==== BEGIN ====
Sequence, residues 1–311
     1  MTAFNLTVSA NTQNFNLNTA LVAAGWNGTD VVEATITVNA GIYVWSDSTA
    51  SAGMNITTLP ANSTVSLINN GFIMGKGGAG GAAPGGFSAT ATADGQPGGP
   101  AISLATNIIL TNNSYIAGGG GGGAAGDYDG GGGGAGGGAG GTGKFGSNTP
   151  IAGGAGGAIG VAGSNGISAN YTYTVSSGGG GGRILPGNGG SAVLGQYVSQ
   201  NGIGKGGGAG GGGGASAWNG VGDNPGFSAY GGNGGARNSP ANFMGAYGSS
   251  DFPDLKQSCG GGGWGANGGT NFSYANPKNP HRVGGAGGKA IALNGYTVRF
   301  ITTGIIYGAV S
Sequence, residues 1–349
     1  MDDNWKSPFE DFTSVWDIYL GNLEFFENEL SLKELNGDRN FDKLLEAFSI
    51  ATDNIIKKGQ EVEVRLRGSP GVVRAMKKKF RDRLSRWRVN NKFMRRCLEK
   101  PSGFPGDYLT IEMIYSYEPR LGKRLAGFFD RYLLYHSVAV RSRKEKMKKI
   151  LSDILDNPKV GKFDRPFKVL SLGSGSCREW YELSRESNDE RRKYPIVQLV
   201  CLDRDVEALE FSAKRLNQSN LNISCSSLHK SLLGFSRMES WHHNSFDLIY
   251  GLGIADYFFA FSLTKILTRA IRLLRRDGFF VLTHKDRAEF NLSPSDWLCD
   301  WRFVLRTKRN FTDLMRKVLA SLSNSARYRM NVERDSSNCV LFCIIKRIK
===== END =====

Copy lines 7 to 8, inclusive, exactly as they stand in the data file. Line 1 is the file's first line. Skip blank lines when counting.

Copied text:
   251  DFPDLKQSCG GGGWGANGGT NFSYANPKNP HRVGGAGGKA IALNGYTVRF
   301  ITTGIIYGAV S